A Darker Shade of PaleFor about a decade, Opeth was the most important band in metal, to paraphrase an occasional contributor to this site. You are no doubt fully aware of their sound, and have probably heard most if not all of their music. And I don’t feel that anyone has a misunderstanding of the band, either; metalheads understand Opeth, whether they enjoy it or not. You are no doubt also fully aware of their well-publicized abandonment of metal. So I will avoid any kind of detailed discussion of the band’s history and legacy, which I am always tempted to do when I know a band's catalog as well as I know Opeth's. I’m going to simply step into the music.
Pale Communion is a continuation of the band’s progressive rock fetish. Not completely but in part, it sounds like it could have come from the late 60’s or early 70’s. You already could have guessed that. As with the last record, the vocals are wonderful and the production has a deliciously broad dynamic range. They still display a mastery of dynamism, and they sadly are still handicapping themselves by refusing to go into death metal mode for a minute or two. But there are some differences between this record and Heritage which preceded it.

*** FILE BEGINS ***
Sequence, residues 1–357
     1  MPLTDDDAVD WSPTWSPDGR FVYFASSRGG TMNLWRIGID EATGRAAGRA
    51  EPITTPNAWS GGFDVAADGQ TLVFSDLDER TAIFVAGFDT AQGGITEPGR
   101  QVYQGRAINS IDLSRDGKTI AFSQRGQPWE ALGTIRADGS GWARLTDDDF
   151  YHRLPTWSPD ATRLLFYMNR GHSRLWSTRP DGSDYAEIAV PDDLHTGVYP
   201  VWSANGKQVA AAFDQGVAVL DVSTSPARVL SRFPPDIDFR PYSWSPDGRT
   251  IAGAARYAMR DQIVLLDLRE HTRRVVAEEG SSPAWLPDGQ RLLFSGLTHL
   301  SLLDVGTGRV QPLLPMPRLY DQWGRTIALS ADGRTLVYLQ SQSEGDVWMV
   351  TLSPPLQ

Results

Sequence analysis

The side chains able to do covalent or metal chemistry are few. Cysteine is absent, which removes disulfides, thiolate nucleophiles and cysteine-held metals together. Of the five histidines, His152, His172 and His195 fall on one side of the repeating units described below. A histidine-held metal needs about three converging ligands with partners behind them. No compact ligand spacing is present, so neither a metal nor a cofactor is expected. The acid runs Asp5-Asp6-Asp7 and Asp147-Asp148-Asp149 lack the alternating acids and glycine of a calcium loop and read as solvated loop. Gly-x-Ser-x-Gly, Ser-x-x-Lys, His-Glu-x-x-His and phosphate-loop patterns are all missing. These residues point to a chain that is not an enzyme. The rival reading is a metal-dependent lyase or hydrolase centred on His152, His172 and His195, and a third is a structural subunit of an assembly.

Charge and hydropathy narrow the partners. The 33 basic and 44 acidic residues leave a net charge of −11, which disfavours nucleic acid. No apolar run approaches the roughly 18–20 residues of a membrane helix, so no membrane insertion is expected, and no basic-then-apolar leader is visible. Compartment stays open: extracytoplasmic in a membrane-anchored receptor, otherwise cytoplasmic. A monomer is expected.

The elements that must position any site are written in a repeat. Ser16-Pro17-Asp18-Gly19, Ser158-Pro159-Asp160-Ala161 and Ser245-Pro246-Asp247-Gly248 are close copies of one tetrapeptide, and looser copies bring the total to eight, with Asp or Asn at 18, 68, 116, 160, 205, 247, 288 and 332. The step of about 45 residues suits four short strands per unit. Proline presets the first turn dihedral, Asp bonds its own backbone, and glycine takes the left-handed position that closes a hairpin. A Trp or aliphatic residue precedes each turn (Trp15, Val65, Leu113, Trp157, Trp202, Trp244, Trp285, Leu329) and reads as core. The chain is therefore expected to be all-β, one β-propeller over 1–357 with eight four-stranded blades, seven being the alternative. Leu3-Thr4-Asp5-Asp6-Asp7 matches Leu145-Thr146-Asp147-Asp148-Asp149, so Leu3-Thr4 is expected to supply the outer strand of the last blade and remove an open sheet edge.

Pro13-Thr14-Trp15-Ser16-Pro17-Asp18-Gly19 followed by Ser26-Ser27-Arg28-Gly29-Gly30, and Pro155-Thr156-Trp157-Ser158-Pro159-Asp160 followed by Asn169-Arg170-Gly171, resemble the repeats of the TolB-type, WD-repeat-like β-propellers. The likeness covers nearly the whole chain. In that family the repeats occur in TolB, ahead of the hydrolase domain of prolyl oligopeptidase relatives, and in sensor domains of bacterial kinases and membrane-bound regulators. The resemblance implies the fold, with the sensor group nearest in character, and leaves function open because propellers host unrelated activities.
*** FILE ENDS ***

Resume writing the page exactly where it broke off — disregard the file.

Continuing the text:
Their extended world tour must have put just a little bit of metal back into their veins. There are riffs here that sound like metal riffs, especially at the beginning of the album. One on “Moon Above, Sun Below” is even played in a metal style, but on balance even that can’t be considered a metal song. The rest of the LP is filled with organ-infatuated, folk-inflected prog rock as promised. Cases in point: “Elysian Woes” is one of their folksy, soft songs that they’ve been doing since forever, and “Goblin” is a silly instrumental of the kind you expect to hear on an old-school prog rock release.
My assessment is that this is a slight step backward for the band. It’s less adventurous—no batshit crazy flute solo here. The one curveball they throw at us is “River,” which channels Lynyrd Skynyrd for the first half. I could do without that, although the song’s crescendo redeems it to a large degree.
On the plus side, it’s still Opeth, and they still set a very high bar. On the minus side, it’s still post-Watershed Opeth, and they’ve dropped even that bar by an inch or two. Not that it matters, because we were all going to buy it anyway.
The Verdict: 4 out of 5 stars